Effects of gamma irradiation on soil biological communities and C and N pools in a clay loam soil
Zhang, S., Cui, S., Gong, X., Chang, L., Jia, S., Yang, X., Wu, D., Zhang, X. (2016). Effects of gamma irradiation on soil biological communities and C and N pools in a clay loam soil, 108 352-360. http://dx.doi.org/10.1016/j.apsoil.2016.09.007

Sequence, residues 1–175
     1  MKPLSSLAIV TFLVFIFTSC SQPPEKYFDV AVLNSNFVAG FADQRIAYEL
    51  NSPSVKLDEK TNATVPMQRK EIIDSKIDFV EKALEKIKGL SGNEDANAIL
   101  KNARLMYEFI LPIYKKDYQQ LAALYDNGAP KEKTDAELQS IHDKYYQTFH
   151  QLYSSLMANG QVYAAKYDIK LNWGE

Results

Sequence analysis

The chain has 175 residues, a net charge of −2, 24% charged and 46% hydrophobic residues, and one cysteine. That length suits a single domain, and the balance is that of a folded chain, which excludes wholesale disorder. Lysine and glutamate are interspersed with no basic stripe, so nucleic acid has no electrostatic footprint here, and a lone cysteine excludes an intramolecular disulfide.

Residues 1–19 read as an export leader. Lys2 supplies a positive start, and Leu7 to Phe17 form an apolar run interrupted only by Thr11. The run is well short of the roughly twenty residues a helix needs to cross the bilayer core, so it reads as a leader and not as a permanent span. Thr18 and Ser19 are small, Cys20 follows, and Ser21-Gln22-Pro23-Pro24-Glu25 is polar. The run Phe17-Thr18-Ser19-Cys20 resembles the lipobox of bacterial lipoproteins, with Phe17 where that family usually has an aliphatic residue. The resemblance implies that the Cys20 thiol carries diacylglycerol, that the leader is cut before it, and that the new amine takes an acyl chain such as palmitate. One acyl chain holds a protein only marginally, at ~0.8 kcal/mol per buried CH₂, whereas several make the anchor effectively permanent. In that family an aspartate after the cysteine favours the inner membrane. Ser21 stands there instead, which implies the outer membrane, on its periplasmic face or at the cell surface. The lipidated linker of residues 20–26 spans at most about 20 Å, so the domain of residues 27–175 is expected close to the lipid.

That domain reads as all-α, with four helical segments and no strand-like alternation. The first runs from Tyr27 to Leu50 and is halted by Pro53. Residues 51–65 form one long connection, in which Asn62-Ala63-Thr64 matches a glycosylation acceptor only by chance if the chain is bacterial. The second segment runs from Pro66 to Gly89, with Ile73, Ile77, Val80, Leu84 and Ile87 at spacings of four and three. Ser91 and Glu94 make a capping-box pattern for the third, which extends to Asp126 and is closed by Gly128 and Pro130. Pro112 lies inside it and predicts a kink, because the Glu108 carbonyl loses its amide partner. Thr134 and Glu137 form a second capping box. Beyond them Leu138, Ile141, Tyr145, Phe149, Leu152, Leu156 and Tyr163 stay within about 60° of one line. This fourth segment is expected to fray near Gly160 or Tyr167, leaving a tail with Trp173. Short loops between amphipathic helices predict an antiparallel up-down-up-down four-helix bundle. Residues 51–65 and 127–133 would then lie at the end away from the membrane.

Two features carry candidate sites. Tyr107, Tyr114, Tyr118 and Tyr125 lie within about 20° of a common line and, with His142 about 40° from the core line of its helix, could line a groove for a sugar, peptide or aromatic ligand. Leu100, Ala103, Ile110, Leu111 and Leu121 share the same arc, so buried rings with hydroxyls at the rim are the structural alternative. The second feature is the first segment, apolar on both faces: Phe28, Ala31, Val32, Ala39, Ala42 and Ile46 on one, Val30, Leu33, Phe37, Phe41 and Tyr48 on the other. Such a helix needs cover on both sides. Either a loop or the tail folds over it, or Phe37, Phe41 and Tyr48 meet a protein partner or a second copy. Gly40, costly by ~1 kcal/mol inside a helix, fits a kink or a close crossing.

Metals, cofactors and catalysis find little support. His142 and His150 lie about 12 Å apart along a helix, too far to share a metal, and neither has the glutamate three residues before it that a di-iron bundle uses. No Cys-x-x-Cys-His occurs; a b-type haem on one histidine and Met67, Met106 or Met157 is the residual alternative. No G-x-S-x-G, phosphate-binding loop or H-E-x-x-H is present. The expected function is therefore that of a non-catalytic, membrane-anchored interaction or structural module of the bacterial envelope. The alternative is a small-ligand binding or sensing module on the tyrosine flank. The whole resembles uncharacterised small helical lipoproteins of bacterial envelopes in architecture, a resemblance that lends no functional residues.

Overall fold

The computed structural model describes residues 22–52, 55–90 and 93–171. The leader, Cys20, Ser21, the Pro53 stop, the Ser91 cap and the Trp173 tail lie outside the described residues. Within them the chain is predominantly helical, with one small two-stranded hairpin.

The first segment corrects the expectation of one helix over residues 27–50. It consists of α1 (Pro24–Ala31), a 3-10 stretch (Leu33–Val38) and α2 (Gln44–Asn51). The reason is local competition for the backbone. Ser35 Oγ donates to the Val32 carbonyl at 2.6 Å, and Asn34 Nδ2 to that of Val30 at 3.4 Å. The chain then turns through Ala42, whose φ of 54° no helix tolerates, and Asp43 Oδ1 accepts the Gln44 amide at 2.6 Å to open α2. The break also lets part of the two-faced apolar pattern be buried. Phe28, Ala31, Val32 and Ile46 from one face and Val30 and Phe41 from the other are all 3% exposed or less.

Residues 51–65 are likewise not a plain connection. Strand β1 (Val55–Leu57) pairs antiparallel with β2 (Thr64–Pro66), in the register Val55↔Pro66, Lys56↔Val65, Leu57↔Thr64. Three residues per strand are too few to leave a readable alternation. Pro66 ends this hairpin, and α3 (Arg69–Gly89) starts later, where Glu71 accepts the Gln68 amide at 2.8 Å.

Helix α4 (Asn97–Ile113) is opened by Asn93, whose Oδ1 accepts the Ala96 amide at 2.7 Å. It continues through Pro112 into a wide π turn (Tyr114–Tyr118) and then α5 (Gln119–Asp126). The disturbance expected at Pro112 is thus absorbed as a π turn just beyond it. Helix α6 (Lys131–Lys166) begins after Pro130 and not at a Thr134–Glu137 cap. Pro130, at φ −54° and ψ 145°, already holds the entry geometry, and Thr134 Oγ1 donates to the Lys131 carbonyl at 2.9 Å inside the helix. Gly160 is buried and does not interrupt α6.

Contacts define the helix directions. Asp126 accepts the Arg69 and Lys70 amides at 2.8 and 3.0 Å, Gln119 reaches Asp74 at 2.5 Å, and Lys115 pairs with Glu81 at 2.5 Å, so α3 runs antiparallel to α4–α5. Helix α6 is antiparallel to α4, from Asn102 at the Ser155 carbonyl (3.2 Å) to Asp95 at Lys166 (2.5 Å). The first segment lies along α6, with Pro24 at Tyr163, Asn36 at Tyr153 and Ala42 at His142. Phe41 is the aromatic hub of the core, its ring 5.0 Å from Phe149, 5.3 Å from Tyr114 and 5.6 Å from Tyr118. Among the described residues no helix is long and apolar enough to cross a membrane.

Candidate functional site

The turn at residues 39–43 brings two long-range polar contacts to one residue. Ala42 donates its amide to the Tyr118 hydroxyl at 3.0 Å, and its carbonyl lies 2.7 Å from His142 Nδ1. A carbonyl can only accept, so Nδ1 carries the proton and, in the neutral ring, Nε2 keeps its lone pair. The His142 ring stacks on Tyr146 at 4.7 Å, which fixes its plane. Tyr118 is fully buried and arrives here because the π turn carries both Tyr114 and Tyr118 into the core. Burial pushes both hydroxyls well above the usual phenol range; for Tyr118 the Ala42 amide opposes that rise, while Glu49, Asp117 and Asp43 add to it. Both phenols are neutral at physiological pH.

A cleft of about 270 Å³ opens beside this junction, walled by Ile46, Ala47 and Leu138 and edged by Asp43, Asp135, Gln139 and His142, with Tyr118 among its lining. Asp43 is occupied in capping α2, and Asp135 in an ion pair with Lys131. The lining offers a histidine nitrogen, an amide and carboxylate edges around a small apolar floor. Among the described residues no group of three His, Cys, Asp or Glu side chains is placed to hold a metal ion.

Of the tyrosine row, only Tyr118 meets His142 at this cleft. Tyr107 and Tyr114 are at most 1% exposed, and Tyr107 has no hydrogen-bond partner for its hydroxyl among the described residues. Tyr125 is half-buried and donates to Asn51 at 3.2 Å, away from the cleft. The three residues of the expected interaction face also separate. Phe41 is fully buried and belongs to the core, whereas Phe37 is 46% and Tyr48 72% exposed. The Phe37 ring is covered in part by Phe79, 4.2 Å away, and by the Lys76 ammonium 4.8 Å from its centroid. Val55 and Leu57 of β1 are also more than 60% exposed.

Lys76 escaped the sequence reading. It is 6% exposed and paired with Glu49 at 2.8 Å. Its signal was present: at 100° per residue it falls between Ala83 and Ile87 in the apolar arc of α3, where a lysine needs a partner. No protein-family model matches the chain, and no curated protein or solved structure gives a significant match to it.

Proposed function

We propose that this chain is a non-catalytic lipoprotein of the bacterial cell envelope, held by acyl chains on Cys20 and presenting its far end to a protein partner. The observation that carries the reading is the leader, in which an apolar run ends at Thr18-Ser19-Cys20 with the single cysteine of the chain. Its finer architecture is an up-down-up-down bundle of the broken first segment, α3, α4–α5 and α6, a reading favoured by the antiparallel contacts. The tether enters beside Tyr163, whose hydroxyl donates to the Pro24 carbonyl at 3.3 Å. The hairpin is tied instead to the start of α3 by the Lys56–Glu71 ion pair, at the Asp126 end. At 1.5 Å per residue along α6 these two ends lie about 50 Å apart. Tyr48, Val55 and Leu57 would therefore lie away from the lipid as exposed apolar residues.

© 2016 Gamma irradiation is becoming a promising technique in soil ecological studies because it has a particular advantage in selectively eliminating the target organism. But this selective sterilization technique is still in its initial exploratory stage and the subsequent impacts on soil carbon (C) and nitrogen (N) pools are relatively unknown for the majority of soils. Therefore, the responses of soil respiration, soil collembola, nematodes and microbial communities, and soil C and N pools (extracted with KCl, K2SO4 and H2SO4) to a range of gamma irradiation doses (0, 5, 10, 20 and 40 kGy) were determined under a clay loam soil in a 4-week incubation study. A flush of CO2 was observed at the beginning of the incubation period (1–2 days) post-irradiation, and then strongly decreased relative to the unirradiated soils. At the middle of incubation period (11–14 days), there was a recovery of CO2 efflux in the 5 kGy treatment. The effects of radiation on biological communities were dependent on taxa groups. The majority of collembola (>80%) and nematodes (>90%) were killed immediately in the higher doses (>5 kGy), but at lower doses of 5 kGy they were killed within 2 weeks after irradiation. The relative abundance of saprophytic fungi and protozoa decreased with increasing irradiation dose throughout the incubation period, while an opposite trend was found for some special bacterial taxa (19:1ω8c and i17:1ω9c). The resistance threshold of the entire microbial community to gamma irradiation was 10 kGy. The C and N contents in the KCl/K2SO4-extracted pools (except the dissolved organic C), in the H2SO4-extracted labile pool II (LP II) and in the recalcitrant pool (RP) decreased with increasing irradiation dose across the incubation period. The decreases in LP II and RP were accompanied by the increase in labile pool I. The variation in the level of all soil C and N pools was significantly affected by the radiation doses higher than 5 kGy. Our results indicate that the gamma dose between 5 and 10 kGy is sufficient to eliminate soil fauna without significant effect on microbial community compared to the unirradiated treatments. Moreover, a radiation dose of 5 kGy for selective defaunation has minor impacts on soil C and N pools of a clay loam soil. Our results also suggest that dose optimization is necessary due to high variability associated with irradiation levels effect on biological taxa in different soils.
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